Home away from home. World Cup fans can think back to the lands of their ancestors and use food to recall family memories. But what happens when you’ve moved overseas, specifically to Asia? Inevitably one of the first lists you start is the food you need to pack so you can bring that “taste of home” with you. For my wife, a specific brand of tea tops the list.
We have moved to major tea-producing countries in recent years, including China and India, yet she insists on bringing a stash of her favorite tea, arguing the tea bags of the same brand in our new home are simply not the same. And I have to admit, she has a point — manufacturers use different formulas for the same product to cater to local preferences and tastes.
I can guarantee that in the luggage of most expats moving between countries is some food item. These products often reveal a glimpse of the simple things that matter in your life, things you feel you cannot live without. Among your clothing purchases, hard-to-find toiletries and other belongings, there’s a treasure trove of goodies, such as wine gumdrops, marshmallow Peeps, Easter chocolates or your family’s homemade preserves or chutneys.
As you unpack your shipment, you may wonder what made you decide to bring certain items. One friend shared how puzzled she was that she had purchased a large quantity of Rice Krispies and marshmallows, as she did not regularly eat either. A few months later, she realized she thought she would have a regular craving for Rice Krispies squares.
As you settle into a new country, exploring local food markets and tasting new dishes are invaluable ways to learn about the culture and place you now call home. As exciting as this is, it can be a challenge for many to eat unfamiliar foods at every meal.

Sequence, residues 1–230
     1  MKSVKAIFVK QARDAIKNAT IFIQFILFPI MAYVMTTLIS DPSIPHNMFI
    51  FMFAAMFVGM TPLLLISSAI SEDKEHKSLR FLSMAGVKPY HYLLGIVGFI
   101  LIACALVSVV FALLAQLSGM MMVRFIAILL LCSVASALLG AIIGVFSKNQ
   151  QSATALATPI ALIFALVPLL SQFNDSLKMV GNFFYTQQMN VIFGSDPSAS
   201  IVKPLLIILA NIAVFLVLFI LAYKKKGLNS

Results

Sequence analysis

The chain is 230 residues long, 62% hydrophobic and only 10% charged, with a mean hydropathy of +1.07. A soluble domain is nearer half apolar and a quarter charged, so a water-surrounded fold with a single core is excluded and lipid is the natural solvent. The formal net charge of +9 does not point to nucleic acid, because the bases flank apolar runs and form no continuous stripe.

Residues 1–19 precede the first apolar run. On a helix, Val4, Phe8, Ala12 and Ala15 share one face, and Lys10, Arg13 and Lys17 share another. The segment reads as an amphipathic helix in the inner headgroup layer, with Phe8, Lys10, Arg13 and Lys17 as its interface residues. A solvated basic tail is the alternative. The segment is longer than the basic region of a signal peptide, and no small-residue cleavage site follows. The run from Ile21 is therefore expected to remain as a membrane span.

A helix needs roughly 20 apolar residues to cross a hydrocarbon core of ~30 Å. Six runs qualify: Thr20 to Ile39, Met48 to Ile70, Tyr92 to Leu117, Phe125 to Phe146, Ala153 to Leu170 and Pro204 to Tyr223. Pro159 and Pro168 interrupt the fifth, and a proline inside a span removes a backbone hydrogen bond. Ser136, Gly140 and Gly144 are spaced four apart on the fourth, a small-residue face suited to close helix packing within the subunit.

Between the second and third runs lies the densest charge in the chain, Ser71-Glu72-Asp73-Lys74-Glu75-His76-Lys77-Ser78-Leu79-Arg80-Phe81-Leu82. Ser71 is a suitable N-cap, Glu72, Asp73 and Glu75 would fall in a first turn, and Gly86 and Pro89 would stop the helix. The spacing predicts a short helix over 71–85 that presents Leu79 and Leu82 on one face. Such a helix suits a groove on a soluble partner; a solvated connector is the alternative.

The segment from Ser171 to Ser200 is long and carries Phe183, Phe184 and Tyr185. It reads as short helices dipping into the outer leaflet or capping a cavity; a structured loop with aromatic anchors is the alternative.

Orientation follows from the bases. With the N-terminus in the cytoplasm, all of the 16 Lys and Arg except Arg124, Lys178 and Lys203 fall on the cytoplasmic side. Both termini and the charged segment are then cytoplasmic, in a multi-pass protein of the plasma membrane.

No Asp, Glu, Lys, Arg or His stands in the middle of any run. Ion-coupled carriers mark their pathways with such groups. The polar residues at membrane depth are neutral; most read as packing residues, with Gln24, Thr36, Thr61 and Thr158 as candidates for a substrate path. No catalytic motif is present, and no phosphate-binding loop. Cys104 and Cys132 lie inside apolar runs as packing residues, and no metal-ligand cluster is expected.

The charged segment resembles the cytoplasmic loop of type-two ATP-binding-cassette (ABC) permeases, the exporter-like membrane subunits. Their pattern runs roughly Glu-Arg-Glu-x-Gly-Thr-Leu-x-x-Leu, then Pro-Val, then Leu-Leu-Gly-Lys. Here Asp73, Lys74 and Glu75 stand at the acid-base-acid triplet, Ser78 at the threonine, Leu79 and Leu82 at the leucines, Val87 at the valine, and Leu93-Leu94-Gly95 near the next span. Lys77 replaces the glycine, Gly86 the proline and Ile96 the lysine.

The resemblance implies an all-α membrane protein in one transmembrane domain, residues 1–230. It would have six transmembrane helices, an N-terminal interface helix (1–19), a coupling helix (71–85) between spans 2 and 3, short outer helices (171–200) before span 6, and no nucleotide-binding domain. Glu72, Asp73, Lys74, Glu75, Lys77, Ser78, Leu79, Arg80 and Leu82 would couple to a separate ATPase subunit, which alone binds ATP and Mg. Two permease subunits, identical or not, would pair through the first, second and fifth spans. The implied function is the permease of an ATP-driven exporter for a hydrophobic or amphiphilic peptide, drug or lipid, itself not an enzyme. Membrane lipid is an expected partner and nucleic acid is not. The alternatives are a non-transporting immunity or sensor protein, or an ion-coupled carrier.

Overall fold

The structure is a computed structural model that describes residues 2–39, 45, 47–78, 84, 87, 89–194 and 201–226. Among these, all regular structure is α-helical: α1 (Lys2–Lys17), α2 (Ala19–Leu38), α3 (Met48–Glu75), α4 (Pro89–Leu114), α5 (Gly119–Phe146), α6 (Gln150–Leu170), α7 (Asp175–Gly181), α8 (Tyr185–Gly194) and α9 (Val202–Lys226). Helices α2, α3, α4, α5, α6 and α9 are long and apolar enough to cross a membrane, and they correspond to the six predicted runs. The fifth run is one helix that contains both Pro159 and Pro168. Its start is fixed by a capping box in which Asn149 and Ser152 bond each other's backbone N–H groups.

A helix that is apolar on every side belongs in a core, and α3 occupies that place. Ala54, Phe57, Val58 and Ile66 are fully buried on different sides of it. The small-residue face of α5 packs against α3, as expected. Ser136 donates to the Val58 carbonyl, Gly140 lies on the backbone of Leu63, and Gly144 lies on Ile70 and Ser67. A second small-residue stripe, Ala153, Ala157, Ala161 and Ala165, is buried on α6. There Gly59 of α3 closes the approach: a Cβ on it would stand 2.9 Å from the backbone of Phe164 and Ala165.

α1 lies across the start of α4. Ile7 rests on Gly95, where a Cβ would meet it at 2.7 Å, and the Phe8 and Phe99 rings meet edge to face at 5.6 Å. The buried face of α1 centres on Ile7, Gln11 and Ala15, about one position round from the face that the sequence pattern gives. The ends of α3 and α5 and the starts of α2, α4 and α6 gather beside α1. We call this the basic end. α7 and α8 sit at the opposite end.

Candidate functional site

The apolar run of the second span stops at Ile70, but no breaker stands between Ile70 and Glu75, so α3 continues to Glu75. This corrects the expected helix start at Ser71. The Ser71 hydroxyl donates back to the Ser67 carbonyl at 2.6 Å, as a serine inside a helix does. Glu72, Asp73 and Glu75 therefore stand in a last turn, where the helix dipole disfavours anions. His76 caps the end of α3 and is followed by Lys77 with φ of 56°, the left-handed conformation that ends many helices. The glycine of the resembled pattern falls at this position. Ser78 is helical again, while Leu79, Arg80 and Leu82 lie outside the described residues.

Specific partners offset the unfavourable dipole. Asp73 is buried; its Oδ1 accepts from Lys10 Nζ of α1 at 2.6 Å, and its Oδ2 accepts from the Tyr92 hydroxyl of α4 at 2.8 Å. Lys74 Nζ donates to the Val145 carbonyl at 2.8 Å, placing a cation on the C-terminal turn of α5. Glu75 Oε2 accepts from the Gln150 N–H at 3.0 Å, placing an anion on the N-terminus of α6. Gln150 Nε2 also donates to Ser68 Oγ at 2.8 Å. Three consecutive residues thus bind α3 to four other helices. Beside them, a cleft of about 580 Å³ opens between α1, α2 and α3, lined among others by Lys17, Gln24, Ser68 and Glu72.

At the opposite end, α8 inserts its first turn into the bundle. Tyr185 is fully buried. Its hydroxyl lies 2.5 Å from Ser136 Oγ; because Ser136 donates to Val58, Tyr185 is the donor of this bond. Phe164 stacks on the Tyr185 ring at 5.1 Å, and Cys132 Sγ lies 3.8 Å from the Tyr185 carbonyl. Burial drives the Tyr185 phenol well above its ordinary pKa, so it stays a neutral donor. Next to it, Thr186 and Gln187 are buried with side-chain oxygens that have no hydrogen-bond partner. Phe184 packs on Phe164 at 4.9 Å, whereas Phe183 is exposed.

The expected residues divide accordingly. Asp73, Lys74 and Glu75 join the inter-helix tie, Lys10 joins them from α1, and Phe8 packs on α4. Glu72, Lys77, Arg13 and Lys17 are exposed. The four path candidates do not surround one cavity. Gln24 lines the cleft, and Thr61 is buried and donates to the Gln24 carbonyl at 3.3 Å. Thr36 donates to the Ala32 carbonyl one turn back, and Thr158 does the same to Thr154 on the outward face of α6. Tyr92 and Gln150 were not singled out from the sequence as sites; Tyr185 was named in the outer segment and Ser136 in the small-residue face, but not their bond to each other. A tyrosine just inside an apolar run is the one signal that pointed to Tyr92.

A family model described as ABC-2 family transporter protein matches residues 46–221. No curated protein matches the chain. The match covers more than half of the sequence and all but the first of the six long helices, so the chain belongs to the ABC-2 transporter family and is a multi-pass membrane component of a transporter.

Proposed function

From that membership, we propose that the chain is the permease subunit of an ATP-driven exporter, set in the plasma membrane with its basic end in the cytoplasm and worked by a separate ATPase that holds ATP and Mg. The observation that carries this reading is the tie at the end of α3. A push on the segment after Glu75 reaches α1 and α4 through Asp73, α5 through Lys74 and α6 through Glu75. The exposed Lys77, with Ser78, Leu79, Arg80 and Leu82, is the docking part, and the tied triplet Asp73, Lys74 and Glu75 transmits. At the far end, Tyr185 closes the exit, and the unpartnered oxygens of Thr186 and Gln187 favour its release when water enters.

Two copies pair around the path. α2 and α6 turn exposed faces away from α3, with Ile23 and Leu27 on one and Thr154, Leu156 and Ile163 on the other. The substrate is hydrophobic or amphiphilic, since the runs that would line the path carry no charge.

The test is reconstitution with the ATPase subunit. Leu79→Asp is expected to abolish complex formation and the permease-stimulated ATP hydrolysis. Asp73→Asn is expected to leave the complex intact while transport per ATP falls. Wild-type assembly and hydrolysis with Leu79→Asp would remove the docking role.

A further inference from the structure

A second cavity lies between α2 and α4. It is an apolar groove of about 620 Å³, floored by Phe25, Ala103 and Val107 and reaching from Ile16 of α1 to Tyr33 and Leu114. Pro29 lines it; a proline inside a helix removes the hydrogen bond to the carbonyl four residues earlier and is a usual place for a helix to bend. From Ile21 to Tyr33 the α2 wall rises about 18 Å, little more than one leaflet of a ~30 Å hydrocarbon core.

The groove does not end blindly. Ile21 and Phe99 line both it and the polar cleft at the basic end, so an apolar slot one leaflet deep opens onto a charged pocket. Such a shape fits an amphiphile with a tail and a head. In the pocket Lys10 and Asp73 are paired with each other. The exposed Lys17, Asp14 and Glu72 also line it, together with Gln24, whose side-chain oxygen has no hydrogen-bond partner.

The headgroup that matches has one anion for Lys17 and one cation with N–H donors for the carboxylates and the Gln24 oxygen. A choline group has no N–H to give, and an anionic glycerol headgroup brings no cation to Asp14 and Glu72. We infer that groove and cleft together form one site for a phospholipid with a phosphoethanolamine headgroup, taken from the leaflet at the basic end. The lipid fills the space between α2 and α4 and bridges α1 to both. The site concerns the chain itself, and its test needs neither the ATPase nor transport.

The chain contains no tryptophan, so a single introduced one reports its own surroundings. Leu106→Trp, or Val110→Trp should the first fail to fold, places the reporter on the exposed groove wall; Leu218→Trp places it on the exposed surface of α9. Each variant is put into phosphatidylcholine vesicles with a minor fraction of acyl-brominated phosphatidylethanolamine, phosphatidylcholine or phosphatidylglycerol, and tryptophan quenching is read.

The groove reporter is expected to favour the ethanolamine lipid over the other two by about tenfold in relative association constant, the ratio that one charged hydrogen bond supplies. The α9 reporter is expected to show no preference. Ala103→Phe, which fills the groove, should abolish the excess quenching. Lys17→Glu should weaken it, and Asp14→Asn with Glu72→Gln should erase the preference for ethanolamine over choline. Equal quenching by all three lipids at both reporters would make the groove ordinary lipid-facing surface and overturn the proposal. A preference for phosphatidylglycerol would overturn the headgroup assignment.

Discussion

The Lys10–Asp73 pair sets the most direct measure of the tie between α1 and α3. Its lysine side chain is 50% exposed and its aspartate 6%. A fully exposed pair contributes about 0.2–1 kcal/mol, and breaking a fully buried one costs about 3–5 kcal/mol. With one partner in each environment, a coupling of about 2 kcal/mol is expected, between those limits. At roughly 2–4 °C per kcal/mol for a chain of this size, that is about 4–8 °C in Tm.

During the early days of what can be a stressful transition, or when you have a bout of homesickness, it’s natural to turn to the food that nourishes your soul, that you feel keeps you centered and provides you with the comfort of “home.”
Expats look to friends, family to deliver their favorites
When family or friends visit, they become food mules, transporting ingredients you can use to prepare a treasured dish. Sometimes they may be hesitant, as my Mexican friend explained when she shared the difficulty of acquiring freshly ground masa because relatives were concerned immigration authorities would think it was cocaine.
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Others will go to great lengths. I was privileged to share a meal at a friend’s house of “imported” Canadian beef that was frozen, wrapped in newspaper and packed in a visitor’s luggage for the 24-hour trip. It arrived fully frozen.
In talking with my expat friends, I’ve discovered that the longer you live overseas, the smaller and more focused your must-have food list becomes. It’s not that your cravings disappear. Many are simply satisfied on vacations or trips home. Rather, as expats, we learn to adapt our wants, finding somewhat suitable substitutes and becoming more resourceful or simply making do. You also learn that the limited space in your (or your mules’) luggage is valuable and reserved only for prized essentials.
Although more specialty shops are opening with a limited selection of imported goods, allowing expats to more easily access essentials like olive oil, olives, cured meats, cheeses, chocolate and occasionally specialty grains and flours, often the products are of average quality, sometimes stale and cost anywhere from two to five times the price you pay at home. Another challenge is they are not regularly stocked, and when they are sold out it may not be available for another few months or longer.
It’s that time of year when many of you are in a state of transition and thinking about what to bring with you to your new home. Apart from reading expat blogs or talking to acquaintances who have lived in your new country, the best resource to find out what staple ingredients are available is to consult a cookbook about the food of the country you are moving to. A quick read of the glossary and pantry section will give you a good idea of items you can easily and affordably purchase.